Older adults in most societies are keen volunteers in a myriad of contexts for the betterment of individuals and for the agencies in which they volunteer. This article discusses how volunteerism among older adults may enhance their learning and the kinds of benefits and challenges they encounter in their work for employing authorities. It also considers how agencies can be better attuned to the lifelong learning aspirations of older volunteers. Research related to older adults, lifelong learning and the character of volunteerism is reviewed with examples provided from New Zealand and Australia of older adults' participation in volunteerism and consequential impact. While volunteerism is normally viewed as a "win-win" situation for the volunteers and the organisations in which knowledge is further developed for varied purposes (economic sufficiency; personal development; active citizenship; social inclusion), there are nevertheless challenges for both parties. The article explores salient factors which function as enhancers or limitations for older volunteers in their work and learning. It is important that the motives of volunteers for participation are fully transparent and understood by the older adults themselves and by the relevant agencies. Organisations can provide considerable opportunities for older people to engage in continuing learning/ education but they need to be aware of effective recruitment and retention strategies; older people can provide a much needed labour resource where their previous life experiences can be drawn upon and they should be fully cognisant of the organisation's mission and how they can help to enhance it.

  4. Modeling of GE Appliances: Cost Benefit Study of Smart Appliances in Wholesale Energy, Frequency Regulation, and Spinning Reserve Markets

    Energy Technology Data Exchange (ETDEWEB)

    Fuller, Jason C.; Parker, Graham B.

    2012-12-31

    This report is the second in a series of three reports describing the potential of GE’s DR-enabled appliances to provide benefits to the utility grid. The first report described the modeling methodology used to represent the GE appliances in the GridLAB-D simulation environment and the estimated potential for peak demand reduction at various deployment levels. The third report will explore the technical capability of aggregated group actions to positively impact grid stability, including frequency and voltage regulation and spinning reserves, and the impacts on distribution feeder voltage regulation, including mitigation of fluctuations caused by high penetration of photovoltaic distributed generation. In this report, a series of analytical methods were presented to estimate the potential cost benefit of smart appliances while utilizing demand response. Previous work estimated the potential technical benefit (i.e., peak reduction) of smart appliances, while this report focuses on the monetary value of that participation. The effects on wholesale energy cost and possible additional revenue available by participating in frequency regulation and spinning reserve markets were explored.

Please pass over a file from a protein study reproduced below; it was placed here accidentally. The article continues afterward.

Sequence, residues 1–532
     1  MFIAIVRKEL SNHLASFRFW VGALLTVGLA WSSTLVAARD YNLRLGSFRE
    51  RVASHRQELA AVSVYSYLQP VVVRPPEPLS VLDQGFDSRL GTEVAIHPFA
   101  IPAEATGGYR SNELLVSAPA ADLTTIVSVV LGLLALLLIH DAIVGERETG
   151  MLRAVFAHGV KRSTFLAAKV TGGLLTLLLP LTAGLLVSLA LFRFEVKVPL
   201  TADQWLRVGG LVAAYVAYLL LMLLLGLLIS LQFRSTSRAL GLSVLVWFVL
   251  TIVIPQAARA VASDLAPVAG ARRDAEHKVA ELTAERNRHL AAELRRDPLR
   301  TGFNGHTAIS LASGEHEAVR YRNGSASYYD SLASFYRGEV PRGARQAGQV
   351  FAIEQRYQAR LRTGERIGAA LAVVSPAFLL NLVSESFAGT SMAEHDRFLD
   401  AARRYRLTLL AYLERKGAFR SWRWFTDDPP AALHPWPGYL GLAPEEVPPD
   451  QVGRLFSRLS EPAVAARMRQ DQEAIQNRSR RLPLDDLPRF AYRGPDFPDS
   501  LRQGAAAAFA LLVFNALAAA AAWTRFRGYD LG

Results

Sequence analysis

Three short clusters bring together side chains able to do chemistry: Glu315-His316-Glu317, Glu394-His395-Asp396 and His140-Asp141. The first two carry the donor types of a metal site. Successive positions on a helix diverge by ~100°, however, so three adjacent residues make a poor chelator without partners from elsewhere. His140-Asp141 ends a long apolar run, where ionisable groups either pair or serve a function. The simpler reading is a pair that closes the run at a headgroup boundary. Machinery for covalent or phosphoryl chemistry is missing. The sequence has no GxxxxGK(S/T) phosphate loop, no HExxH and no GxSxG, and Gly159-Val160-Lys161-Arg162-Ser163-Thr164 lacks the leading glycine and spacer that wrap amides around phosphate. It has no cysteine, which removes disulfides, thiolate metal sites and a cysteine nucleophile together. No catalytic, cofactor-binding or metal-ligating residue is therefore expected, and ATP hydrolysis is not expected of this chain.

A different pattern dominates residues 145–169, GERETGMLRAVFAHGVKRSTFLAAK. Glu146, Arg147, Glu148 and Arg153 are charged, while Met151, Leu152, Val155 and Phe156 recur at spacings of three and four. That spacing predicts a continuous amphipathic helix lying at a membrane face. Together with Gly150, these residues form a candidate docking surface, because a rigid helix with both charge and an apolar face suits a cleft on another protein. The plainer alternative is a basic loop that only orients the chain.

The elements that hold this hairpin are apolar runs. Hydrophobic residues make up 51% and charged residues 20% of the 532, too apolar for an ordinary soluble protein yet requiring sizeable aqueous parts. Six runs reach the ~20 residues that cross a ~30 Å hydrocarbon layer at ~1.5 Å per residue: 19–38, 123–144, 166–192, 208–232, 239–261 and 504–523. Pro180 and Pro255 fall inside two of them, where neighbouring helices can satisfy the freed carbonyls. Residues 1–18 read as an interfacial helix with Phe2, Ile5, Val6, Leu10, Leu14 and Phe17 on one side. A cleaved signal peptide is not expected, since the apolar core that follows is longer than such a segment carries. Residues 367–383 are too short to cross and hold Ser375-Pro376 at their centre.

5. Compact Fluorescent Lighting in America: Lessons Learned on the Way to Market

    Energy Technology Data Exchange (ETDEWEB)

    Sandahl, Linda J.; Gilbride, Theresa L.; Ledbetter, Marc R.; Steward, Heidi E.; Calwell, Chris

    2006-05-22

    This report describes the history of compact fluorescent lamps (CFLs) in America. CFLs were introduced in the 1970s; however, it has taken more than 20 years for them to gain widespread recognition in the U.S. residential lighting market. This report reviews the development of CFLs, efforts to increase market acceptance of them, and barriers to that acceptance. Lessons to be learned from this study of CFLs are identified in hopes of assisting future market introduction efforts for other promising energy-efficient technologies. This report was prepared by the Pacific Northwest National Laboratory for the U.S. Department of Energy’s Office of Building Technologies, Emerging Technologies Program.

  6. Effect of Type of Curriculum on Educational Outcomes and Motivation among Marketing Students with Different Learning Styles

    Science.gov (United States)

    Ackerman, David S.; Hu, Jing

    2011-01-01

    Using an active learning approach to motivate students to learn has been advocated by many educators. It has been an ongoing discussion on whether marketing educators should customize their teaching activities based on the learning styles found in their classes recently. This study uses a scale of learning styles that includes a measure of the…

  7. Machine learning in sentiment reconstruction of the simulated stock market

    Science.gov (United States)

    Goykhman, Mikhail; Teimouri, Ali

    2018-02-01

    In this paper we continue the study of the simulated stock market framework defined by the driving sentiment processes. We focus on the market environment driven by the buy/sell trading sentiment process of the Markov chain type. We apply the methodology of the Hidden Markov Models and the Recurrent Neural Networks to reconstruct the transition probabilities matrix of the Markov sentiment process and recover the underlying sentiment states from the observed stock price behavior. We demonstrate that the Hidden Markov Model can successfully recover the transition probabilities matrix for the hidden sentiment process of the Markov Chain type. We also demonstrate that the Recurrent Neural Network can successfully recover the hidden sentiment states from the observed simulated stock price time series.